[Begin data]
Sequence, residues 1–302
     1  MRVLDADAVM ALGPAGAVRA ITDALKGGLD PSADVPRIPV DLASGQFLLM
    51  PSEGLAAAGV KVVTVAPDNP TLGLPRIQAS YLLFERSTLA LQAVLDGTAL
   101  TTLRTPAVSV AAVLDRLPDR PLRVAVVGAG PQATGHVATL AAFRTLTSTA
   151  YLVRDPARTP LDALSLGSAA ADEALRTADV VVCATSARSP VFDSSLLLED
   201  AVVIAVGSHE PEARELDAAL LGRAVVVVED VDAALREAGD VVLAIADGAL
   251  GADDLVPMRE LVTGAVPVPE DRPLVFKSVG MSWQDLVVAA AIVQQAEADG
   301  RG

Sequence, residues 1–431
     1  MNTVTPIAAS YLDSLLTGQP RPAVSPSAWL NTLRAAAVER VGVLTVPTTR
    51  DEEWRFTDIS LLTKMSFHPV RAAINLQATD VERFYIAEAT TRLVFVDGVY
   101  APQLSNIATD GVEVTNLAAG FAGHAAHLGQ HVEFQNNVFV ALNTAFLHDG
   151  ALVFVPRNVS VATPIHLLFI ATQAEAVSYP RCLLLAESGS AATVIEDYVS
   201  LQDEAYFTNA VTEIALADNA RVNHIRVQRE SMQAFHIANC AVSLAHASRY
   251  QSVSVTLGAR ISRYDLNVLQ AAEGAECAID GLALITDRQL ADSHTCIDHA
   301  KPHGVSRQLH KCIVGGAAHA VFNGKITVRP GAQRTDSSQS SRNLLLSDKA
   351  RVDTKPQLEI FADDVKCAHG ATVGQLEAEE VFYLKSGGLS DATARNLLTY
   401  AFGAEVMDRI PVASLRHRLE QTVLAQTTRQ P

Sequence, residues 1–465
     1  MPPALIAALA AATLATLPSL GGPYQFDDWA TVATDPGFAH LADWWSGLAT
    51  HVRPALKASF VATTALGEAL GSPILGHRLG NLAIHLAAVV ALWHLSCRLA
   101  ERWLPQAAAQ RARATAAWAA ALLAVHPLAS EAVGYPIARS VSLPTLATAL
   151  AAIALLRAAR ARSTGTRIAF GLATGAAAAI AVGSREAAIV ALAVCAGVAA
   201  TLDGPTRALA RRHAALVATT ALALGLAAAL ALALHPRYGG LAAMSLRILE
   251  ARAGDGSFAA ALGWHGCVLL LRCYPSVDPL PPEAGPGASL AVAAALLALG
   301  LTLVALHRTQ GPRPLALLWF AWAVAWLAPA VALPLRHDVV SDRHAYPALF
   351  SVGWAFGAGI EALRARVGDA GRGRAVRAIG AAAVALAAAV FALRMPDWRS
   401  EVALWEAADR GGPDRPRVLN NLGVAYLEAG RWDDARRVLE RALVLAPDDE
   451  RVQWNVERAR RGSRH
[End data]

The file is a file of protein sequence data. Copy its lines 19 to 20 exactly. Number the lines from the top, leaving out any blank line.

Sequence, residues 1–465
     1  MPPALIAALA AATLATLPSL GGPYQFDDWA TVATDPGFAH LADWWSGLAT